THE National Farmers' Federation is urging horticulture workers who believe they have been underpaid to report their experience to the relevant authority.
It's also tagged the release of Unions NSW report into farm pay rates as a "stunt".
The report which suggested young workers in Australia are being paid as little as $1.25 per hour and exploitation of migrants is rampant on the country's farms.
The 24-page report was based on a survey of job advertisements for fruit-pickers and interviews with workers nationwide.
The report's authors reviewed more than 1000 ads published, mainly on social media, between December 2019 and September 2020, while also interviewing more than 100 horticultural workers.
Of the workers interviewed, none met the minimum legal wage, while 88 per cent of job ads promised "piece rates" rather than an hourly wage, meaning workers were paid per volume of work.
National Farmers' Federation chief executive officer Tony Mahar said backpackers, seasonal workers, school leavers and full-time employees were all essential parts of the farm sector.
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"It is crucial that you have a positive experience on farm, which begins with being paid the award wage," Mr Mahar said.
"Instances where an employer allegedly hasn't complied with their legal obligations must be taken up with the Fair Work Ombudsman.
"The large majority of farmers do the right thing. They want workers to enjoy their job and value the farmer-worker partnership in putting food on shelves; fueling the economy and sustaining regional communities."
"Operators who don't uphold the law are not only ripping off workers, but are also letting down their industry, at time when many are facing a dire workforce shortage. They must be held to account."
According to the Unions NSW report, the lowest hourly rates earned by workers were $1.25 for picking blueberries, with surveyed workers averaging between $15 and $18 an hour.
Unions NSW secretary Mark Morey called it a "national disgrace".
He said the horticulture sector should "clean up its own backyard" before complaining about struggling to attract workers due to migration limits.
Piece work rates are a legal, well-established framework in the horticulture sector. Piece rates should enable a competent worker to earn 15pc more than the minimum hourly wage.
"Have a backbone, provide minimum rates of pay and you will get your workforce," Mr Morey said.
Similar to an Australian Workers' Union call last year, Unions NSW recommends the abolition of piecework rates and a minimum wage guaranteed to all workers in the sector.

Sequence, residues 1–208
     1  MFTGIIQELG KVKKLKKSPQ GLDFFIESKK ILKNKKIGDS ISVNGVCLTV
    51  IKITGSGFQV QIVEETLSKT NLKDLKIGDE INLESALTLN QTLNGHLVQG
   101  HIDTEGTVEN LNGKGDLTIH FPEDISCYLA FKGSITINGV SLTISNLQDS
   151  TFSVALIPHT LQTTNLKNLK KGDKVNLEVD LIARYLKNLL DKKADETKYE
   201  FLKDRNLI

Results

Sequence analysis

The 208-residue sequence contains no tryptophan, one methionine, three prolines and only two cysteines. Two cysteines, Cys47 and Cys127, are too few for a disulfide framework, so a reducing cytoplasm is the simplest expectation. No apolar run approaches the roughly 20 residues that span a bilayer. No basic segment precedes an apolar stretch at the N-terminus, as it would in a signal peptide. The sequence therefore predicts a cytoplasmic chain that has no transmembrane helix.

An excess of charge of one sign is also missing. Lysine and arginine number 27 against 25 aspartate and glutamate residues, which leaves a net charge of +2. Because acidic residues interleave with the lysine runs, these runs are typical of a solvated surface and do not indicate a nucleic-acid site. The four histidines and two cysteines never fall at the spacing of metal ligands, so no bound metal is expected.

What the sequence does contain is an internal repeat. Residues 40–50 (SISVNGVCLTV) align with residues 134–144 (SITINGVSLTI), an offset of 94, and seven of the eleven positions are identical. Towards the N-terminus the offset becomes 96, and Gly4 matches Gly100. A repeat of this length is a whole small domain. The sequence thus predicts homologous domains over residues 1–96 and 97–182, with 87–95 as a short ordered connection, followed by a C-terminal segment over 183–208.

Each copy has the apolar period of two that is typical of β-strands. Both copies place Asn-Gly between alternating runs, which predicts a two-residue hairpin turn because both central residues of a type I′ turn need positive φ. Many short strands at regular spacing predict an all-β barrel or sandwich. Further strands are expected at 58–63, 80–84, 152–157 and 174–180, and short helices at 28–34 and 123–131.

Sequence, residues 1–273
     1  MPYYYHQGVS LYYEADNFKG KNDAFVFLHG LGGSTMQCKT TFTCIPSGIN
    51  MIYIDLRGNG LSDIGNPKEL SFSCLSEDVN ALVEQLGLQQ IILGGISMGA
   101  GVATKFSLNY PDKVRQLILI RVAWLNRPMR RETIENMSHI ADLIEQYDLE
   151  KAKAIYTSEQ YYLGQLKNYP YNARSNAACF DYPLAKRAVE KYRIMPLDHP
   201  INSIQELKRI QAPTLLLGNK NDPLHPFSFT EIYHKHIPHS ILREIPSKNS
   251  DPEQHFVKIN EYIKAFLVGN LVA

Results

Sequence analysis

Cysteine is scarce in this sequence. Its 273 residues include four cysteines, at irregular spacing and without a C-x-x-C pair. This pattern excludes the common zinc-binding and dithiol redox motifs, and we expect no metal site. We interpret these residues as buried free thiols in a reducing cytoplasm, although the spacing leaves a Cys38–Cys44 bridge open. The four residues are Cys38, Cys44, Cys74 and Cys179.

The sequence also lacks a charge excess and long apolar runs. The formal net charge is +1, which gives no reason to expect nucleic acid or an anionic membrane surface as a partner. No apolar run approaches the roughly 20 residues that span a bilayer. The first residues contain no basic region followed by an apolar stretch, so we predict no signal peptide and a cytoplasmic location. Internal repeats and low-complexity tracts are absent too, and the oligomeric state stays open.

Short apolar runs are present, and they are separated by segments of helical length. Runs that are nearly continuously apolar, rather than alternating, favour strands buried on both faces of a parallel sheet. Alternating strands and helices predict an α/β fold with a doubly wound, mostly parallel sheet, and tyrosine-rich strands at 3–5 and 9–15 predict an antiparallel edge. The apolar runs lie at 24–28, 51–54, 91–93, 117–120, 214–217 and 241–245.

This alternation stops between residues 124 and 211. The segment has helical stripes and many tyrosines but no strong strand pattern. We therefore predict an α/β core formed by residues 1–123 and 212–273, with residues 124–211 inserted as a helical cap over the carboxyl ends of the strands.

The NFF's Mr Mahar said he hoped Unions NSW had advised every individual profiled in the report to contact the relevant authorities.
However, he cautioned, against conflating piece rates with the serious issue of underpayment, saying the attempt by Unions NSW was disingenuous at best.
"Piece work rates are a legal, well-established framework in the horticulture sector. Piece rates should enable a competent worker to earn 15pc more than the minimum hourly wage," Mr Mahar said.
"Abolishing piece rates won't fix the acknowledged issue of worker underpayment."
"Right now, a worker shortage of up to 26,000 is forcing farmers to leave fruit and vegetables unpicked to rot and to downscale future plantings.
"The stunt today by Unions NSW supported by Federal Labor Opposition Leader, Anthony Albanese, wrongly conflates two unrelated issues.
"And, the result is a deterrent to those considering farm work - further exacerbating the farm workforce shortage.
"All at time when farm productivity has a lead role to play in rebuilding Australia's COVID-depleted economy."
Mr Mahar said the sector was taking action on the irrefutable evidence that more needs to be done to ensure workers in the horticulture sector have a positive experience.
"The NFF's supports the grower-led Fair Farms initiative. Fair Farms supports all members of the Australian horticulture supply chain with the tools, information and training they need to be a compliant and ethical employer.
"We have long called for the introduction of a national labour hire regulation scheme, to hold labour hire entities to account, which research shows is a link in the ag workforce, where wrong doing occurs," Mr Mahar said.
"We have also proactively worked with the Fair Work Ombudsman to address the problem.
"The introduction of a dedicated agriculture visa solution as called for by NFF for four years now, would ensure foreign workers holding the visa would only be placed with fully accredited employers," Mr Mahar said.
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